A Career in Fishing

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The fishing industry offers a wealth of adventure and the potential to earn excellent wages. The industry also offers great personal and professional development, and further career progression. The sea is a challenging and exciting working environment, worlds away from a ‘normal’ 9-5 desk job – tides, weather, seasons and the fish themselves ensure that no two days are ever the same. A career at sea can be financially rewarding, but it’s also valuable in many other ways. You’ll learn key technical and practical seafaring skills, and – just as importantly – your work as part of a close-knit crew will help you develop skills for life, such as team-building skills, resilience and dedication. The practical skills you learn and the experience will be highly relevant to any further career choice, making you extremely employable whatever you chose to do. It’s also worth noting that fishing crew members often benefit from good periods of time off, as often crews work two trips and have one off.





You can enter the fishing industry via an apprenticeship or by applying directly to local businesses. There are various roles available, but typically you’ll start as a deckhand at sea and learn on the job. Before going to sea for the first time, you must complete a Sea Survival course; mandatory basic safety courses in Firefighting, Health and Safety and First Aid must also be completed within three months of starting work. These courses are offered at several training centres locally. To learn more, Seafish training is a good place to start: www.seafish.org/safety-and-training/. Seafish may also be able to help new entrants to the industry access funding for these courses.



If you’re looking for a professional qualification and a structured course, South Devon College runs an 18-month Fishing Apprenticeship, with the first intake in 2023. Click here for details:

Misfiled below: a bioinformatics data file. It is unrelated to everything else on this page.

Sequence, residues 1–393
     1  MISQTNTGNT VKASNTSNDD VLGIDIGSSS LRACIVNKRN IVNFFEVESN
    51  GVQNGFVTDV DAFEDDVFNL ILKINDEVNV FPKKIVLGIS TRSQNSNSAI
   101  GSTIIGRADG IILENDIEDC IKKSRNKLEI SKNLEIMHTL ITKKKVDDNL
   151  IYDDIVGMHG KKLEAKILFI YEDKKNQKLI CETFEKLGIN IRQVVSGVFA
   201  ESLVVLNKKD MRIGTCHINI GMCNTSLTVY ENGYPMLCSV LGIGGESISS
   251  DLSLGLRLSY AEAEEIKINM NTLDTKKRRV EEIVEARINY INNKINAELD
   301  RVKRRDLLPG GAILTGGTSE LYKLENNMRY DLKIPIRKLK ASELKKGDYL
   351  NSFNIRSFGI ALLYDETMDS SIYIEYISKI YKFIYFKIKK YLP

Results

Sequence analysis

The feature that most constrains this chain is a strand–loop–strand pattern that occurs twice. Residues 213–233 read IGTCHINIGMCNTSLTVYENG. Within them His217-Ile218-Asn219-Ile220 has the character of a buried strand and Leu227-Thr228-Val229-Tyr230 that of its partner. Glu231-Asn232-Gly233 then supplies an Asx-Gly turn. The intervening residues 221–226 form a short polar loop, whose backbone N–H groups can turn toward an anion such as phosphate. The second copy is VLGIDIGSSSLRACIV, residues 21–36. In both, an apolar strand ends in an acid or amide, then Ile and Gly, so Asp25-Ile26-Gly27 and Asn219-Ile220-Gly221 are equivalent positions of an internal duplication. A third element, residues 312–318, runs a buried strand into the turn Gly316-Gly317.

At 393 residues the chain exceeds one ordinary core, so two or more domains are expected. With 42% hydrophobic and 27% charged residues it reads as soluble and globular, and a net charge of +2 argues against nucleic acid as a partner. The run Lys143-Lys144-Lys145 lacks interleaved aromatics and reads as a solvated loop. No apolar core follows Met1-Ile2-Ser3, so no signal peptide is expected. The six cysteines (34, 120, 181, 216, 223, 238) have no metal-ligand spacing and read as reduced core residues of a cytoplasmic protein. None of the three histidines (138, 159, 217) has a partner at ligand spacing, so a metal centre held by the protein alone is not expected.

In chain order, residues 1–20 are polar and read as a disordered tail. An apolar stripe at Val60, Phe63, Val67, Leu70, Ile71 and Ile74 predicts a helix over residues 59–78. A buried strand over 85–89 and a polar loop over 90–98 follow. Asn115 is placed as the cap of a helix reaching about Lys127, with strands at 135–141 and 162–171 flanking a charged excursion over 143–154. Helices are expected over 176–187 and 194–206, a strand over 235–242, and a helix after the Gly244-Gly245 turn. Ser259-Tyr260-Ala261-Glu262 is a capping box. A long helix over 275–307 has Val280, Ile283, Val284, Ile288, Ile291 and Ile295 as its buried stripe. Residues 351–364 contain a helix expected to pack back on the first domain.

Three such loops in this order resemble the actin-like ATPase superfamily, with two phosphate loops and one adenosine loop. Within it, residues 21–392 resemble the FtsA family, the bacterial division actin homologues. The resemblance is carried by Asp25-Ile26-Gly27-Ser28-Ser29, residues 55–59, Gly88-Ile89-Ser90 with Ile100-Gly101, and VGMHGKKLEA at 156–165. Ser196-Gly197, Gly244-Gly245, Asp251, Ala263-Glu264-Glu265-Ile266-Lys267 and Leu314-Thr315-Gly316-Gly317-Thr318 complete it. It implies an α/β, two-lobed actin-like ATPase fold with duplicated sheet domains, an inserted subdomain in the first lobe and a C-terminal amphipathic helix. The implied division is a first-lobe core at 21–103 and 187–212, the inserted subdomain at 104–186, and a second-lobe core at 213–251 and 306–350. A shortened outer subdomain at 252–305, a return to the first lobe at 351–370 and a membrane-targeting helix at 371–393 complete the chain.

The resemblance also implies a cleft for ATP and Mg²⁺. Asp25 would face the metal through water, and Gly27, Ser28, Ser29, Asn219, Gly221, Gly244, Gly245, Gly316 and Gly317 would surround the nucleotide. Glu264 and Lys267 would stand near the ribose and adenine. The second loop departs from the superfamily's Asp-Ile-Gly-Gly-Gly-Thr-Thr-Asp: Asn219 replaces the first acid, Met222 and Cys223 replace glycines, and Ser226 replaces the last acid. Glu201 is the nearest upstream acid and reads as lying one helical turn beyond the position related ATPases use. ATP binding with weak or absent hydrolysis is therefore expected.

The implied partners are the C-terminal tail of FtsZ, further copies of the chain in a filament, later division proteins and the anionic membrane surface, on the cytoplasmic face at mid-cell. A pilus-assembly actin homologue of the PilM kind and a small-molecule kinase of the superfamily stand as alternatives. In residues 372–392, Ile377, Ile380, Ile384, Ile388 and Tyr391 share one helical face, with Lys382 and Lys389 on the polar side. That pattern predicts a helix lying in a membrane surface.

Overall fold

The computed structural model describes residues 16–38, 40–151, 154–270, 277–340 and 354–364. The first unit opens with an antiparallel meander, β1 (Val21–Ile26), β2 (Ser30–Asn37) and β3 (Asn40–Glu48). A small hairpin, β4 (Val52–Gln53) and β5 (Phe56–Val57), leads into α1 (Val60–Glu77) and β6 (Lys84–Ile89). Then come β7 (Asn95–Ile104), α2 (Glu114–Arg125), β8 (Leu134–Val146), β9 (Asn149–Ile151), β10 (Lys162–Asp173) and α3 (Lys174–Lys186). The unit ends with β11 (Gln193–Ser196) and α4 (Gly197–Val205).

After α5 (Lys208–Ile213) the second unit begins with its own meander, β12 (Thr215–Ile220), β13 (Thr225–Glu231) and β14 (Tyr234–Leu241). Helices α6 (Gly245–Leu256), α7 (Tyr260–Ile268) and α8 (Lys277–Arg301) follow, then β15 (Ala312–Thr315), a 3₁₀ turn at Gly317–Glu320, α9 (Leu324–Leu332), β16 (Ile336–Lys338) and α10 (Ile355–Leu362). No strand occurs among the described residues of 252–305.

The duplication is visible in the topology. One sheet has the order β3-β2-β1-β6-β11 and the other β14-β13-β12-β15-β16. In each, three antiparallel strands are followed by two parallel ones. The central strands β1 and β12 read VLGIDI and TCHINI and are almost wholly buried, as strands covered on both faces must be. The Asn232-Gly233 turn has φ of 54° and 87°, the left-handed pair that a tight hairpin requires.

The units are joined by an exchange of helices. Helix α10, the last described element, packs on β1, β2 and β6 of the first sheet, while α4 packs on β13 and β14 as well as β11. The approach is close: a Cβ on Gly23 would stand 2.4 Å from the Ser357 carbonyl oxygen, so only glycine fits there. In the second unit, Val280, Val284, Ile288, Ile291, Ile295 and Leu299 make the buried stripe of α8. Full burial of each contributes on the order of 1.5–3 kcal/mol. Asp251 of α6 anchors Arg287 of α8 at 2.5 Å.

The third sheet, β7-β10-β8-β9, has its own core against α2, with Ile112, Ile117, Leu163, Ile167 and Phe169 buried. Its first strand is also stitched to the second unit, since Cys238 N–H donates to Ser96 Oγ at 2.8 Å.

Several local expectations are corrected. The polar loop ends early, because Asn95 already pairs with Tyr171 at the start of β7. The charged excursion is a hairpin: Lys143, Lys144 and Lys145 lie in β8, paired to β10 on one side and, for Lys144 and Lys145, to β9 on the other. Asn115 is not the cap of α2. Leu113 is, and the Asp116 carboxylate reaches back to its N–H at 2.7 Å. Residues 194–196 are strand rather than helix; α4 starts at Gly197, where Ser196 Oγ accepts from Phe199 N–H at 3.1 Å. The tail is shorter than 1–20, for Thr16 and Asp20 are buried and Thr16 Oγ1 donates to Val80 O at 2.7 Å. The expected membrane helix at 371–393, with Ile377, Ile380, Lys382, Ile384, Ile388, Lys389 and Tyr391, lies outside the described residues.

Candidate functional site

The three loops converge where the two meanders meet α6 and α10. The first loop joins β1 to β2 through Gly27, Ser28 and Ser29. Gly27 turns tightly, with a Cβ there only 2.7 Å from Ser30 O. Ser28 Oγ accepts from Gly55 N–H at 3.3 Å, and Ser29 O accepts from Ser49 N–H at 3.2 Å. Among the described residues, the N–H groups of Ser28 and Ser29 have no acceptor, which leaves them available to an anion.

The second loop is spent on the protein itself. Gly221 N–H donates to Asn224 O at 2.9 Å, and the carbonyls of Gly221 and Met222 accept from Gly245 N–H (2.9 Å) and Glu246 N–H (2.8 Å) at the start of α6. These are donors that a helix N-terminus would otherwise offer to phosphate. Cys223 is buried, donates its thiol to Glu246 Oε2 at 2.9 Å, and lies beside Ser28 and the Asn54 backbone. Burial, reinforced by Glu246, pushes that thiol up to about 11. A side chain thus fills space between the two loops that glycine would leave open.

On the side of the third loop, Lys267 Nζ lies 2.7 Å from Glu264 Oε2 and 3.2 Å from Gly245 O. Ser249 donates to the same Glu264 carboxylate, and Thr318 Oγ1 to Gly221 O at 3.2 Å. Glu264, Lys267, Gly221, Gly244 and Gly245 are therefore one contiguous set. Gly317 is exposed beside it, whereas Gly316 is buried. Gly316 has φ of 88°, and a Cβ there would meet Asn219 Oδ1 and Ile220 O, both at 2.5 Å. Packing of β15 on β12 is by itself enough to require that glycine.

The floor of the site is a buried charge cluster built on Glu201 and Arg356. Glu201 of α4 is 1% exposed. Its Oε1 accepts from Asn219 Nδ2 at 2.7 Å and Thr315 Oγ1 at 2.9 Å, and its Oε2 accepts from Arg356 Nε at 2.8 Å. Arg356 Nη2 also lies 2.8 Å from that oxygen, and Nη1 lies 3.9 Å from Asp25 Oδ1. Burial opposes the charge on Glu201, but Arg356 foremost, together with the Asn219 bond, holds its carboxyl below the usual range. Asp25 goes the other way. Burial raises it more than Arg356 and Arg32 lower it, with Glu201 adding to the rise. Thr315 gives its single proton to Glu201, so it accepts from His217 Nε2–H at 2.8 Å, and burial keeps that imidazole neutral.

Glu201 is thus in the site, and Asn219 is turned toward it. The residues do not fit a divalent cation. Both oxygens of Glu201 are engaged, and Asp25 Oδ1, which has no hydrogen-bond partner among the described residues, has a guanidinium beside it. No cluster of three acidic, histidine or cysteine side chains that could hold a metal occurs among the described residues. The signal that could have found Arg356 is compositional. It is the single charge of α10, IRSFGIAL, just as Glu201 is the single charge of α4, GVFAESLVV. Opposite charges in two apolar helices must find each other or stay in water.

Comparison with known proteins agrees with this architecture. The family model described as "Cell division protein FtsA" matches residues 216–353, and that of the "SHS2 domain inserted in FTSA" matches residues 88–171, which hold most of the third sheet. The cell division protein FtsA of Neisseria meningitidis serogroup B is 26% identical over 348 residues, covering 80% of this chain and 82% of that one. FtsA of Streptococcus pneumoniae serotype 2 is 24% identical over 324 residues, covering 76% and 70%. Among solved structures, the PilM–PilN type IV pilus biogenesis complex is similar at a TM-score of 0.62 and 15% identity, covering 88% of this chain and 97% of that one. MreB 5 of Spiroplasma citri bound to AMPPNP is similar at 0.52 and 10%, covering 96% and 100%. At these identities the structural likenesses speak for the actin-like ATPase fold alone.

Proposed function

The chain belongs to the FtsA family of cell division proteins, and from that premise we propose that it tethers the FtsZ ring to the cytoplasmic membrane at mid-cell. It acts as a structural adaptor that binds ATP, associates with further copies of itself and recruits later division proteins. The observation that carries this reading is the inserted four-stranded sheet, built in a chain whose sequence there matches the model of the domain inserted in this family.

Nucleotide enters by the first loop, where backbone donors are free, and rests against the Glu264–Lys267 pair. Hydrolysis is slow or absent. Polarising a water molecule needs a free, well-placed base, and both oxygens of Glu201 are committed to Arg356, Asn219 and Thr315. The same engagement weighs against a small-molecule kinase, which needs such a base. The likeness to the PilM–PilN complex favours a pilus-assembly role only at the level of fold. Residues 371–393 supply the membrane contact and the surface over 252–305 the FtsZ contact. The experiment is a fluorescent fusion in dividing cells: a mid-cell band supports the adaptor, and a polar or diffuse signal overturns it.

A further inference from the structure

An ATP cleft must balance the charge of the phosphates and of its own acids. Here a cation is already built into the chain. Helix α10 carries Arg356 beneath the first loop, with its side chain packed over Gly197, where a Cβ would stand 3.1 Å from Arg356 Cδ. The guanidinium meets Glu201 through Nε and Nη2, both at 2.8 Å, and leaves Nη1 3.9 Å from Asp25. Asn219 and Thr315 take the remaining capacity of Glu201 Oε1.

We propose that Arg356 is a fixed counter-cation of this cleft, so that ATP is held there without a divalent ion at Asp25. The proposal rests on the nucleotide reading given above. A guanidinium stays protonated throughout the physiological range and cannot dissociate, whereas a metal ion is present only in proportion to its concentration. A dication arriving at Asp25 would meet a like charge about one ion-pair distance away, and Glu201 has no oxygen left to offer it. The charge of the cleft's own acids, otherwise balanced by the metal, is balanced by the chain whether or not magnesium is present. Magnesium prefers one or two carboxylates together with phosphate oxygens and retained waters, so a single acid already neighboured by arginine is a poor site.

The role of deckhand is the standard entry point for those with limited experience and qualifications. Deckhand responsibilities include preparing the deck areas and fishing equipment onboard the vessel; sorting, gutting and storing the catch; unloading the catch when in harbour; repairing damaged nets; and maintaining equipment. A good level of fitness is important, as the work is physically demanding, and you will be working in all weathers. You’ll also need to be prepared to spend nights away from home.



A minimum of 18 months’ seagoing experience is needed before you can skipper a fishing vessel – employers will require you to have a solid knowledge of the sea, fishing vessels and the fishing industry. Skippers are in charge of the crew onboard sea-going boats, and typical duties include planning fishing trips; operating and maintaining equipment; navigating the vessel; managing the safety of the vessel and crew; working closely with onshore agents to land and sell catches; making sure that fishing trips return a profit; making sure that each fishing trip follows maritime laws and international fishing regulations; using electronic systems for navigation and locating fish; and monitoring onboard storage conditions. Fishing vessel skippers work on different types of boats, including inshore vessels, which fish close to the shoreline, and limited-area vessels, which fish within a set area around the UK coast. Skipper is a well-paid role, with a larger share of the catch earned as your career progresses from deckhand to skipper



Working to look after our seas. We collect fishing data for policy makers. This data informs plans for fishing, catch limits and quotas to ensure stocks remain sustainable. We also support Fishing for Litter (FFL), an environmental project. FFL aims to reduce marine litter by involving the fishing industry in actively collecting and removing the rubbish gathered in their nets during normal fishing activities, including plastics, ghost gear, textiles and other debris. FFL provides vessels with bags to store this rubbish in while at sea, and places skips and bins in ports to receive the rubbish when the vessel returns to land.



The UK fishing industry has an improving safety record. The safety of our crews is paramount at Waterdance. We carry out regular maintenance and improvements to all our vessels to ensure they are seaworthy and comply with the latest regulations especially for crew living standards, ensuring optimally designed living space and greater comfort. Each vessel is fitted with equipment to locate vessels in an emergency and each member of the crew are also given their own Personal Locator Beacons enabled life jacket.